Here are some other tips to avoid high blood sugar concentrations and prevent diabetic ketoacidosis:
Try to make the main meals and snacks at the right times and don’t skip any.
Inject the right amount of insulin.
Measure your blood sugar concentration often, and your concentration of ketones when recommended by your diabetes control plan.
Follow your diabetes control plan to the letter.
Consequences of hyperglycemia
Having too much blood sugar for long periods of time can cause serious health problems if not treated. Hyperglycemia can damage blood vessels that carry blood to vital organs, which can increase the risk of heart disease, stroke, kidney disease, eye problems and neurological problems.
These problems do not usually affect children or adolescents who have had diabetes for a few years. But they may appear in the adult stage in some people with diabetes, especially if they have not been treated or have not controlled their disease well.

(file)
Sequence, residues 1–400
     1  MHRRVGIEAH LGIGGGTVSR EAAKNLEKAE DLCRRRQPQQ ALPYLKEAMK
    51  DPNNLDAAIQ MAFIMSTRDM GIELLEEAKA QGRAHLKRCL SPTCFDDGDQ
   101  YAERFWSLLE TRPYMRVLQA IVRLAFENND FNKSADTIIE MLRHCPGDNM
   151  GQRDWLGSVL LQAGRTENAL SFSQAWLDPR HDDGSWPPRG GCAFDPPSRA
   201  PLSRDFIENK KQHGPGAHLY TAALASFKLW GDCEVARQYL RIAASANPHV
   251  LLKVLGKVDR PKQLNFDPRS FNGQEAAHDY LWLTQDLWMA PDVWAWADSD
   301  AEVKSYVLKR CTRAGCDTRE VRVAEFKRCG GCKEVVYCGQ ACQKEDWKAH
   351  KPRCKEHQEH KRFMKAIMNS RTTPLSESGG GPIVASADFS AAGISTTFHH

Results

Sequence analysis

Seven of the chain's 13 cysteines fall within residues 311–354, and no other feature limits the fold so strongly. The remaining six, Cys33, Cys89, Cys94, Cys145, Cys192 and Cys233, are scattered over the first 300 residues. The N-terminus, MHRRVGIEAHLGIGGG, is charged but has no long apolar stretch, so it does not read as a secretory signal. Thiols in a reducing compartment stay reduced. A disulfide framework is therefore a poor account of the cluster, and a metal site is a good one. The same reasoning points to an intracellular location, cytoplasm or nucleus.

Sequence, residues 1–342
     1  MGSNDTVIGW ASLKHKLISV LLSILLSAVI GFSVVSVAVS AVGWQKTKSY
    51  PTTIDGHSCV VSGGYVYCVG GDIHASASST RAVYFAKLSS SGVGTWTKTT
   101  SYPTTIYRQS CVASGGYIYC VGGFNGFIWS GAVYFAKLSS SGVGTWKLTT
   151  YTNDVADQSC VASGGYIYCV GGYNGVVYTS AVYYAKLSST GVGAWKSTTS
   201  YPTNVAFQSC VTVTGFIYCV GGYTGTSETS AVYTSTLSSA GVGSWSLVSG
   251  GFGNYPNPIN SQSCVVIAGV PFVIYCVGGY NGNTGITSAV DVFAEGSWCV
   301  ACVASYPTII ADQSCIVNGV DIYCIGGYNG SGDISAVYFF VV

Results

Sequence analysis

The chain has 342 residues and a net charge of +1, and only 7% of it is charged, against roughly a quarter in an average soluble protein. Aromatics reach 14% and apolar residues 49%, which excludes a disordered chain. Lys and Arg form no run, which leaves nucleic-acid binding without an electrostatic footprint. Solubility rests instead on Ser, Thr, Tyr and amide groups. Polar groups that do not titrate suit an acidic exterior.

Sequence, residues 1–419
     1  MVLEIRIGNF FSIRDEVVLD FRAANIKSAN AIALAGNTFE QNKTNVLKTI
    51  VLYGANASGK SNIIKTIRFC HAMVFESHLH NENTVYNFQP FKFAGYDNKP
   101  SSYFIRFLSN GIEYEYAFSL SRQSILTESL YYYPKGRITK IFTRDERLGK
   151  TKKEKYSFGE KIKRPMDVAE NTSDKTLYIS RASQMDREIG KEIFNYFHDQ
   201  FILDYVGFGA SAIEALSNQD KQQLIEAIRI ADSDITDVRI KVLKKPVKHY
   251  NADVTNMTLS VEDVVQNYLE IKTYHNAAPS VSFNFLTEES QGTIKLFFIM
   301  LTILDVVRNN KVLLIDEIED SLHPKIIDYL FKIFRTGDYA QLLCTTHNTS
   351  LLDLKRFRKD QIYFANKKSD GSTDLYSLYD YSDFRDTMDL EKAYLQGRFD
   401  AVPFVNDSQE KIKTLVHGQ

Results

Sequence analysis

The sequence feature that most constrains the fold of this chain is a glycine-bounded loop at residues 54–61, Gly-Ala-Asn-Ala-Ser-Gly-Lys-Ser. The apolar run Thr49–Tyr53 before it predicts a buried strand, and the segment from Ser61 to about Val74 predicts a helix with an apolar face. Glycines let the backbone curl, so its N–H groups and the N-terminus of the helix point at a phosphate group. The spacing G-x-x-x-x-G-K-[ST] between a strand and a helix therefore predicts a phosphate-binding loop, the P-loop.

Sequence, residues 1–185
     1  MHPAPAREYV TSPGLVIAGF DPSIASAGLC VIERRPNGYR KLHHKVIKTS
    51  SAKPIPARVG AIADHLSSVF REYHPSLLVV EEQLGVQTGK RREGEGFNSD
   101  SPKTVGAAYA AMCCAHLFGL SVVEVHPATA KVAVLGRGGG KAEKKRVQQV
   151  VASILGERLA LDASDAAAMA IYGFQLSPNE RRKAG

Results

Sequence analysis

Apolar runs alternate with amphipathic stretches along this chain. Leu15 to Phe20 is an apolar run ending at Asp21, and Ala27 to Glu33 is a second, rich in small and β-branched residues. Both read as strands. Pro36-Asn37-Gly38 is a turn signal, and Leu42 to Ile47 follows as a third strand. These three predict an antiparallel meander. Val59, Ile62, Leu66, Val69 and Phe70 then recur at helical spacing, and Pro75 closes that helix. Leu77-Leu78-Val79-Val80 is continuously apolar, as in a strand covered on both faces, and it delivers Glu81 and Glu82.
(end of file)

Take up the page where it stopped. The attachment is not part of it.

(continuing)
Blood sugar concentrations are considered high when they are above the reference margins considered normal. The medical team that carries your diabetes will tell you what those margins are for you in particular.
Emergency treatment of hyperglycemia
Consequently, the glycaemic control objectives indicated above can only be achieved by IV or subcutaneous insulin treatment. Insulin is currently considered the most effective drug of choice to treat hyperglycemia in hospitalized patients.